I need to have some Angular services configured dynamically, depending on a runtime switch. In days before AOT, I got it to work using the following code:

@NgModule({
  imports: [HttpModule],
  providers: []
})
export class MyModule {
  static forRoot(config: MyConfiguration): ModuleWithProviders {
    return {
      ngModule: MyModule,
      providers: [
        SomeService,
        {
          provide: SomeOtherService,
          useFactory: (some: SomeService, http: Http) => {
            switch (config.type) {
              case 'cloud':
                return new SomeOtherService(new SomethingSpecificForCloud());
              case 'server':
                return new SomeOtherService(new SomethingSpecificForServer());
            }
          },
          deps: [SomeService, Http]
        },

      ]
    };
  }
}

Then in my AppModule I would import this as MyModule.forRoot(myConfig).

As I updated CLI and Angular, this no longer compiles, because it cannot be statically analyzed. I understand why, but I am still not sure what the correct way to solve it is.

Have I abused this forRoot() approach in the first place? How do you write modules so that depending on a runtime switch, they produce different services?

up vote 5 down vote accepted

I found one way to achieve it: Expose the configuration via a provider, then have injected to a "static" factory function. The code above would look like this:

// Necessary if MyConfiguration is an interface
export const MY_CONFIG = new OpaqueToken('my.config');

// Static factory function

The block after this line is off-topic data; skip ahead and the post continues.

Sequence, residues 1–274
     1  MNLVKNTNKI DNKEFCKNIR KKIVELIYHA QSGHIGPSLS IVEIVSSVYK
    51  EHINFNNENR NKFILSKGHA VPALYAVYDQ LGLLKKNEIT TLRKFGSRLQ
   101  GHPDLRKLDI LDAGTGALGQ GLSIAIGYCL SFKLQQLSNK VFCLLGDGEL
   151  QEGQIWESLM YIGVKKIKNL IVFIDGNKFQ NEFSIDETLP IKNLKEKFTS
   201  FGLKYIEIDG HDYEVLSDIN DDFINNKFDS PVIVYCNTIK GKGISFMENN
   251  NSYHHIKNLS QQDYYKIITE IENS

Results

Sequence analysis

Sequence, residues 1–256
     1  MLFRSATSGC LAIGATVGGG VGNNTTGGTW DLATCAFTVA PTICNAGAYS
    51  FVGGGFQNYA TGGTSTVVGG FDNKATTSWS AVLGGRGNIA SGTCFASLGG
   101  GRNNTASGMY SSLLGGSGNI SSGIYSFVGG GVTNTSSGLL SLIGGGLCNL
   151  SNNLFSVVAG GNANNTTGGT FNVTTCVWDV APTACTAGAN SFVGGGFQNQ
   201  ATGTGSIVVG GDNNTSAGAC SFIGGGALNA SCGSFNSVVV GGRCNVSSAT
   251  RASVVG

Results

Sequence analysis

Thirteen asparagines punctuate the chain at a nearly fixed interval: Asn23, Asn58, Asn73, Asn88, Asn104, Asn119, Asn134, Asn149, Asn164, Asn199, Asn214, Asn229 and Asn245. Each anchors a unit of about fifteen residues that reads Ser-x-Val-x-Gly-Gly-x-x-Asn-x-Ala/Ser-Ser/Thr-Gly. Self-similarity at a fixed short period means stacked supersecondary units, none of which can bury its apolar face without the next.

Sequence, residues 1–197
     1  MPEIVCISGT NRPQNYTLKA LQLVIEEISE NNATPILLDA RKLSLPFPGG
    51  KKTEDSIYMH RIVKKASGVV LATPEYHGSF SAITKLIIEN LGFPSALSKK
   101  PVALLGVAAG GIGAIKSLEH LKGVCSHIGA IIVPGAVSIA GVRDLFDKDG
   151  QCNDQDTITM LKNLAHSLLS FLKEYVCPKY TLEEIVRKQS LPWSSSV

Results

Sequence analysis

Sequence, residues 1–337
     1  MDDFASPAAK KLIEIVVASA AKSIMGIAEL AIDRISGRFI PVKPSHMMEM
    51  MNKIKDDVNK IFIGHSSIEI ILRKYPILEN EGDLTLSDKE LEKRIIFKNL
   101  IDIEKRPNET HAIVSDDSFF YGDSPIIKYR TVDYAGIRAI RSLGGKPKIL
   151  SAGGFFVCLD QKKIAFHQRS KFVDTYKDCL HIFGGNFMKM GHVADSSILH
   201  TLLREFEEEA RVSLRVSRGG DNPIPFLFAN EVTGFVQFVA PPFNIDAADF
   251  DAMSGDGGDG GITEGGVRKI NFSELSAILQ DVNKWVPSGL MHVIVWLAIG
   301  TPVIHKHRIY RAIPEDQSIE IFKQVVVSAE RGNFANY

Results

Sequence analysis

export function someOtherServiceFactory(config: MyConfiguration,some: SomeService, http: Http) {
  switch (config.type) {
    case 'cloud':
      return new SomeOtherService(new SomethingSpecificForCloud());
    case 'server':
      return new SomeOtherService(new SomethingSpecificForServer());
  }
}

@NgModule({
  imports: [HttpModule],
  providers: []
})
export class MyModule {
  static forRoot(config: MyConfiguration): ModuleWithProviders {
    return {
      ngModule: MyModule,
      providers: [
        SomeService,
        { provide: MY_CONFIG, useValue: config },
        {
          provide: SomeOtherService,
          useFactory: someOtherServiceFactory,
          deps: [MY_CONFIG, SomeService, Http]
        },

      ]
    };
  }
}

It works and all, but I would still be very interested in knowing whether this is actually a good idea, or if I'm doing something terribly wrong and should be taking a completely different approach to solving this problem.


I found another solution:

  1. Use Angular CLI environments.
  2. Create an abstract classes/interfaces for the services with different implementations or dependencies for different environments.
  3. Export the right type from each enviromnent file (who said it has to only be a plain JS object?).
  4. In the module provider definition, import from the environment.
  5. At compile time, CLI environments will make the right thing get linked.

More information and sample project at my blog.

  • I think this is the only option. 1 remark: from v4 you should use InjectionToken instead of OpaqueToken. – mat3e Jul 12 '17 at 22:00

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